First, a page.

In early December, Professors Cary Nelson and David Greenberg wrote an op-ed in the Washington Post about the “anti-normalization” tactic that has been widely adopted by proponents of the movement to boycott, divest from, and sanction Israel (“BDS”). As they explained, the tactic consists of preventing pro-Israel or anti-boycott arguments from even being heard, and includes shouting down speakers, or preventing speakers from even appearing on campus.

That is what we saw when a CAMERA event at University College London last fall was disrupted, with one BDS leader present admitting that his true goal was to prevent future pro-Israel speakers from coming to that campus.

A BDS protestor

While the rationale provided for utilizing these measures is to reject any forms of contact between Israelis and Palestinians that “treat both parties as having legitimate grievances and aspirations,” this argument is specious. It is illogical to ask people to take it on faith that Israelis have no legitimate grievances or aspirations. Equally striking is the fervor with which Nelson and Greenberg reported that the new BDS strategy is being pursued.

As I have written on CAMERA’s In Focus blog, only one conclusion can be drawn from these actions: that those setting the BDS agenda understand that the only case in which they win the argument is when the pro-Israel side does not have an opportunity to present its case.

Earlier this month, as the Modern Language Association’s vote on BDS measures approached, Professor Nelson wrote:

The MLA distributed a detailed assault on Israel’s legitimacy, policies, and right to exist, without accepting any responsibility to distribute contrary views or evidence. Its elected representatives were to be given an opportunity for brief oral comments pro and con before voting on a resolution endorsing academic boycotts of Israel. They were to have only prosecutorial document in hand….

When we worked hard to share counter-evidence with the whole organisation in 2014, MLA’s executive director used every means to prevent us from doing so, up to and including threats of legal action….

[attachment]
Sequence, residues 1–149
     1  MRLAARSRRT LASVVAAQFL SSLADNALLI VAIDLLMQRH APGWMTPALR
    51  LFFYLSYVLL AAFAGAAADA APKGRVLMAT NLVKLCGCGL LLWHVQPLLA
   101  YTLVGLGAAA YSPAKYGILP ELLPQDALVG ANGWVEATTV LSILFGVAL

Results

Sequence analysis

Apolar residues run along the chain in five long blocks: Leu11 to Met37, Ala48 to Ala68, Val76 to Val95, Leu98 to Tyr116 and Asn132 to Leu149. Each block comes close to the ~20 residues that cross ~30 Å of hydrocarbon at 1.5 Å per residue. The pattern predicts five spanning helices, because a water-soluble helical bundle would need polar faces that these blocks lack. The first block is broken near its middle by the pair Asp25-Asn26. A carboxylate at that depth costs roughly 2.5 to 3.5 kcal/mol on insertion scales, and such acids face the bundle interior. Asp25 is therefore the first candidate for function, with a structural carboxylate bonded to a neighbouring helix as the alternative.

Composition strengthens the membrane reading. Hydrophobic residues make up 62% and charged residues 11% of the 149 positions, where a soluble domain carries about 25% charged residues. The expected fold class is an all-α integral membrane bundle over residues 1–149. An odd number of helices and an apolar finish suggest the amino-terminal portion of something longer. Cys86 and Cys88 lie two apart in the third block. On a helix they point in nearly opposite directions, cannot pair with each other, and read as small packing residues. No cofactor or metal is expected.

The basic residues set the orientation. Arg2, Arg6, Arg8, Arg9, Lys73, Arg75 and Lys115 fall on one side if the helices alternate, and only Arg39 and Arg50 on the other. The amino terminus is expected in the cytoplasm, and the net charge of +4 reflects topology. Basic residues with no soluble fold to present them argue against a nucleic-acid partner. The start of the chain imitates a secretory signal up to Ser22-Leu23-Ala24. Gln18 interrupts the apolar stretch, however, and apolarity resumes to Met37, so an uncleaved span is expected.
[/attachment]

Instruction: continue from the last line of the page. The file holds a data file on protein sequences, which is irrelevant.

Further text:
[Currently,] MLA’s leadership felt no responsibility to supplement these extraordinarily deceptive pieces of [pro-boycott] propaganda, or to invite anyone else to do so.

Indeed, Nelson’s point is illustrated by the fact that his rebuttal to the boycotters’ claims had to be published outside of the MLA, in the Fathom Journal.

The MLA vote, moreover, took place on Shabbat — another method of suppressing debate that CAMERA has found in various campus BDS efforts. Scheduling votes on or right before Shabbat or Jewish holidays has the effect of preventing many people with pro-Israel views from participating.

Despite the fact that the deck was heavily stacked against them, Nelson and his colleagues pulled off a huge victory for truth at the MLA. Not only did the BDS resolution fail, but the Delegate Assembly voted in favor of a resolution against boycotts. (The anti-boycott resolution must now be forwarded to other MLA bodies.) This is further evidence—along with the growing number of states passing anti-BDS legislation, and the backlash against the American Studies Association’s endorsement of the boycott in 2013—that, in this debate, the facts are on Israel’s side.

Going forward, however, it will be important for pro-Israel activists to call out not only BDS’ anti-normalization tactic itself, but the true motive for employing it. Boycott opponents must demand to know why the boycotters fear a debate—unless it is because they already know that they cannot win it. They will need to ask why the boycotters rely so heavily on preventing their opponents from being heard.

BDS activists know that when pro-Israel, anti-boycott activists have equal time, when we make our case and make it well—to audiences without preconceived biases—we win. That is why they work so hard to prevent us from being heard at all. Israel’s supporters will need to show that boycott proponents are simply afraid to have the truth about Israel come out.

Originally published in The Algemeiner

Contributed by Karen Bekker, Assistant Director of CAMERA`s International Letter Writing Group

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